Conclusions

Thanks to constant improvement, the continuous introduction of new features and the inclusion of new usage scenarios, the proposition for hyper-converged scenarios is increasingly complete, integrated and performing. Azure Stack HCI integrates perfectly with the existing on-premises environment and offers an important added value: the ability to connect Azure Stack HCI with other Azure services to obtain a hybrid hyper-converged solution. This aspect in particular strongly differentiates it from other competitors who offer solutions in this area.

Azure Stack HCI: disaster recovery features inherent in the solution

In the latest version ofAzure Stack HCI is included the ability to create stretched clusters to extend a cluster ofAzure Stack HCI in two different locations (rooms, buildings or even different cities). This disaster recovery solution provides storage replication (synchronous or asynchronous) and contemplates encryption, local site resilience and automatic failover of virtual machines. This article explores the possible architectures and features of the solution.

To further improve the built-in resilience in the Azure Stack HCI solution, it is possible to implement a cluster consisting of two groups of nodes, defined "stretched cluster". Each group is located in a different site and must contain a minimum of two nodes. A stretched cluster can consist of a minimum of four to sixteen physical nodes (maximum number of nodes supported by an Azure Stack HCI cluster), which must satisfy the standard hardware requirements for HCI solutions.

Figure 1 - Overview of a stretched cluster in an Azure Stack HCI hyper-converged architecture

Going into the detail of the architecture, the components and functionalities used are:

  • Azure Stack HCI. The minimum required version is 20H2, deployed as an Azure hybrid service and released in December 2020. This is a hyper-converged infrastructure (HCI), where different hardware components are removed, substitutes from the software, able to combine the layer of compute, storage and network in one solution.
  • Storage Replica. The technology included in Windows Server that allows replication of volumes between servers or between clusters for disaster recovery purposes.
  • Live Migration. The Hyper-V feature that allows you to easily move virtual machines (VMs) running on one Hyper-V host to another, without having downtime. This feature is useful for managing expected or scheduled downtime.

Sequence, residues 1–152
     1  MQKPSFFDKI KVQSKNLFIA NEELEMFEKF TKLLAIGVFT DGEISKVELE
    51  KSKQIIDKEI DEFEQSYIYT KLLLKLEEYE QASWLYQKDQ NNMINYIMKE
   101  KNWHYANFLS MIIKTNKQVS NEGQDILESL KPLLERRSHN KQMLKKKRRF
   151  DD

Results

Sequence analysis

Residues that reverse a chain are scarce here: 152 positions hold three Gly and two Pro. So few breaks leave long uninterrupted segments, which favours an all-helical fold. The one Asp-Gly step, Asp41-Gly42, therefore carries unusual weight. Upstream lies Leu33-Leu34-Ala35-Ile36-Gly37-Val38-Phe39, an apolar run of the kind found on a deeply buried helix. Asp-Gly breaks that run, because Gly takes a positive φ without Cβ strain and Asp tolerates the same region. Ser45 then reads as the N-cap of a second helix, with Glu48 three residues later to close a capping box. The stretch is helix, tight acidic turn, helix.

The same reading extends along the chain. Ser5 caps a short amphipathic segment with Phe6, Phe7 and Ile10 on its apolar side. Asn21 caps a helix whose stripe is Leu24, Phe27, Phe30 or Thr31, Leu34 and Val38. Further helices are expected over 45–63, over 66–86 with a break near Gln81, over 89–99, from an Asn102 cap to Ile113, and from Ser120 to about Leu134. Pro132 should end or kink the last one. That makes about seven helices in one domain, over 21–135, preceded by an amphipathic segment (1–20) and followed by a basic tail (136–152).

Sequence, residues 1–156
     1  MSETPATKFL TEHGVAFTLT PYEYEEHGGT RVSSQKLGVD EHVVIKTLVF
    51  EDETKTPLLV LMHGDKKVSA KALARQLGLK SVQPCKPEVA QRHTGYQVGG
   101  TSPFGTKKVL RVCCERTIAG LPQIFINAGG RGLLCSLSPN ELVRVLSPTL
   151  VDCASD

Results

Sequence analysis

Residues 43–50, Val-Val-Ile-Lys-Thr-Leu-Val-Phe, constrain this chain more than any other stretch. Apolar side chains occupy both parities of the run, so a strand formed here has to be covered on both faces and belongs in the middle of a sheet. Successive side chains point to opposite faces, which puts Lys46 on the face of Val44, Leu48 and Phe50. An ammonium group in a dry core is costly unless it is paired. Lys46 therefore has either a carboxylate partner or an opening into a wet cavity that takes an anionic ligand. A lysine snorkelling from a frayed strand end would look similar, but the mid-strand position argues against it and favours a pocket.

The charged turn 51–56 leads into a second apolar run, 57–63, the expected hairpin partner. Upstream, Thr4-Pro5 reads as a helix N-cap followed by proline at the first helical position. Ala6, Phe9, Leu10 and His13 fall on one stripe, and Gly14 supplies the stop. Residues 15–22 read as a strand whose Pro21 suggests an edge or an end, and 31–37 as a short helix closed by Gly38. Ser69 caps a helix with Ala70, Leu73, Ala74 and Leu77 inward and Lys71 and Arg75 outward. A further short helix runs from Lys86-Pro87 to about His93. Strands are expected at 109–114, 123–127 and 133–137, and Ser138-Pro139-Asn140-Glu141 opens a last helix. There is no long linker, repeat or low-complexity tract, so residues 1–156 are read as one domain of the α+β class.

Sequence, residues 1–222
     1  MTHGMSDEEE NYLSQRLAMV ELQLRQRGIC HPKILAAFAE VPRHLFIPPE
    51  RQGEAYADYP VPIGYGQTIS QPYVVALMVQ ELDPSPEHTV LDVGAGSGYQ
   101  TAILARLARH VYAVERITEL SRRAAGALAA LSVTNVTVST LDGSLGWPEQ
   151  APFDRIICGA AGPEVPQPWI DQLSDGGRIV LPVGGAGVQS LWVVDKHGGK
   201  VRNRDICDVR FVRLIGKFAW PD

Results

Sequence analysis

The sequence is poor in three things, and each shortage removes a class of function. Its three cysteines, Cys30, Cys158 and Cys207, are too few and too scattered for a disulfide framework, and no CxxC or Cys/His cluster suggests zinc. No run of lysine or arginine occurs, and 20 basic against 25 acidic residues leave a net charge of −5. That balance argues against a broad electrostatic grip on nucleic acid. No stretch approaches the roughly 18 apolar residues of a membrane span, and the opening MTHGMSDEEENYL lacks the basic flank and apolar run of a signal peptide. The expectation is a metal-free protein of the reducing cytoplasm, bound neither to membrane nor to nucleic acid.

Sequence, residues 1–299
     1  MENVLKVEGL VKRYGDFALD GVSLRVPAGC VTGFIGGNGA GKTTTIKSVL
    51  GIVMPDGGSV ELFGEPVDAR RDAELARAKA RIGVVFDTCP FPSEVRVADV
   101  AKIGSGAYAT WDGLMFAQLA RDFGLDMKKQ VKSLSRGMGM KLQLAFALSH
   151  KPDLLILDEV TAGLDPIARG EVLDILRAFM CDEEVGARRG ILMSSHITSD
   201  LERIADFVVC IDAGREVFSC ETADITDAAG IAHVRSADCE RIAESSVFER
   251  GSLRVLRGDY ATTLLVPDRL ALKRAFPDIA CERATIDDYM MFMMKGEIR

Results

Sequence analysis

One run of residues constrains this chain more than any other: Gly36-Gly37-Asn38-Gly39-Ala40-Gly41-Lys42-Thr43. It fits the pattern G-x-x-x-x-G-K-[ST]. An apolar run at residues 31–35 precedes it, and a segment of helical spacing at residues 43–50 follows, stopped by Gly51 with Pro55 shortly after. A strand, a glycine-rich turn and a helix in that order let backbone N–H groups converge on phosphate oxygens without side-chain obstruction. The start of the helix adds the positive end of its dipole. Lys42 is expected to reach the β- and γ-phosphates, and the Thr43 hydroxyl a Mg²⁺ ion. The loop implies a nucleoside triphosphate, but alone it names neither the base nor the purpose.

• Witness resource. Witness is a mandatory component within Azure Stack HCI clusters. To implement it, you can choose an Azure Cloud Witness or a File Share Witness. Azure Cloud Witness is the recommended choice for Azure Stack HCI stretched clusters as long as all nodes have a reliable internet connection.

An Azure Stack HCI stretched cluster is based on the use of Storage Replica and it is possible to have a synchronous or asynchronous replica of the data:

  • Using the synchronous replication data is mirrored between sites on a low-latency network. Volumes are crash-consistent to ensure zero data loss at the file system level during a failure event. The requirement for synchronous replication applicable to stretched clusters enforces network latency of 5 ms of round trip between the two groups of nodes located in the replicated sites. Depending on the connectivity characteristics of the physical network, this constraint generally translates into approx 30-45 Km away. With this configuration, if there is a problem affecting the availability of a site, the cluster is able to automatically transfer workloads to the nodes of the site not affected by the problem to minimize potential downtime.
  • The asynchronous replication mirrors data between sites over network links with higher latencies, but there is no guarantee that both sites have identical copies of the data when a failure event occurs. In the presence of asynchronous replication, it is necessary to manually bring the target volumes online to the other site following a failover.

There are two types of stretched clusters: active-active and active-passive.

Figure 2 - Types of stretched clusters compared